By Julien Bisson
From druids and magic, from bagpipes to battles, a pilgrimage through Brittany's rich Celtic history is the stuff of legends.
The Celts reigned over Armorica for ages, fighting like the famous Astérix for independence from the troops of Julius Caesar and Clovis. Today, Celtic culture still moves to the sound of the biniou, or bagpipe in Breton, in unison with its Irish and Scottish cousins. Its mythical identity has survived the centuries, with landmarks and legends left behind by Celtic tribes, remnants of an era ruled by druids and magic.
The Carnac Menhirs
The most popular Celtic site in Brittany is also the most enigmatic. Why did the people of Menhir erect nearly 4,000 menhirs, or upright monoliths, some as tall as 14 feet? According to medieval legend, these raised stones are the remains of a Roman army, petrified in battle by Saint Cornely. Archaeologists, on the other hand, are still debating the origin of this titanic endeavor, wavering between funeral rites and astronomy. As Brittany lies in a seismic zone, some even say that these menhirs were used to detect earthquakes. Above and beyond the mystery, however, lies a poetic space where time has stopped, a space where the intimacy between man and the elements prevails.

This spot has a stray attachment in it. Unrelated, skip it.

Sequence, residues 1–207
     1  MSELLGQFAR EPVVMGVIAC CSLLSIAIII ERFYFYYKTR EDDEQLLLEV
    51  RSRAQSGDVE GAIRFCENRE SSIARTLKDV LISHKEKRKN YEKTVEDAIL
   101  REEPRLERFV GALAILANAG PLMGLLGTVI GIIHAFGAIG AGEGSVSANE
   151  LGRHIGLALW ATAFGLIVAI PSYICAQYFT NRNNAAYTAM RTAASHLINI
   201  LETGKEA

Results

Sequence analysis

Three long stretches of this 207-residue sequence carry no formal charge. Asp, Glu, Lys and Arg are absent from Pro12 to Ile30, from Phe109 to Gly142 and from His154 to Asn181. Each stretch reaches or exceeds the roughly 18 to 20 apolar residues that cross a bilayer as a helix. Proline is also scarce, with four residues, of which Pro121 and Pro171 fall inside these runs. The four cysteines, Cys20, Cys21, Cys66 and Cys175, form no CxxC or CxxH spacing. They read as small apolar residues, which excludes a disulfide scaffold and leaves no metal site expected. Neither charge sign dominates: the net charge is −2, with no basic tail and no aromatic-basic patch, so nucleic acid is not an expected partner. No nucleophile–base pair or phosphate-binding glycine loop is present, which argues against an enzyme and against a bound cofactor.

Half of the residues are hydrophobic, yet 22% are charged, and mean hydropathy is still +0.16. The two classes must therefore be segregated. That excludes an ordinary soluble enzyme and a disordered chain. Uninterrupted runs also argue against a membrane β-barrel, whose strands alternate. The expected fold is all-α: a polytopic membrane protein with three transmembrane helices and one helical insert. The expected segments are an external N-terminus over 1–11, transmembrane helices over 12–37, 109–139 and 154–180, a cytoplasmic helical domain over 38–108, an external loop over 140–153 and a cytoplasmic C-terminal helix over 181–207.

The Paimpont Forest, near Rennes, is at the heart of the Arthurian legend, which is deeply rooted in Celtic culture. In fact, these woods are associated with the mythical forest of Brocéliande, home of Merlin the Wizard. Tradition endures today via Neolithic sites with pretty names like Fontaine de Jouvence (Fountain of Youth), Maison de Viviane (Viviane’s House) and Tombeau de Merlin (Merlin’s Tomb). But the forest’s most iconic area is without a doubt the Val Sans Retour (Valley of No Return), an enchanted land where Morgana the sorceress imprisoned unfaithful lovers, before eventually being overtaken by Lancelot. The “Miroir aux fees” (Fairy Mirror) is a mesmerizing pond at the entrance of the valley, named for the beings that beckon from the water’s depths…
Fairies also inspired the legend of this awe-inspiring dolmen, located just south of Rennes. The forty-some stones that make up this monument, which is shaped like a covered alleyway, are said by local folklore to have been transported there by these magical creatures. Whether this rings true or not, the work put into building this site is admirable. Over 60 feet in length and built of stones weighing as much as 40 tons, it must have required the work of at least 300 men! Today, the Roche-aux-fées dolmen still inspires believers, especially newlyweds, who may be blessed there.
One of the prettiest villages of France, Locronan is located near the tip of the Finistère region and used to be a mecca of Druidic culture. Twelve menhirs represent each month of the year, and each is dedicated to a deity from the Celtic pantheon. Later Christianized by Saint Ronan, the village has since been perfectly preserved and boasts a rare example of medieval architecture. What’s more, in 2013, it will host the Grande Troménie, a Catholic pilgrimage and parade inspired by Celtic tradition.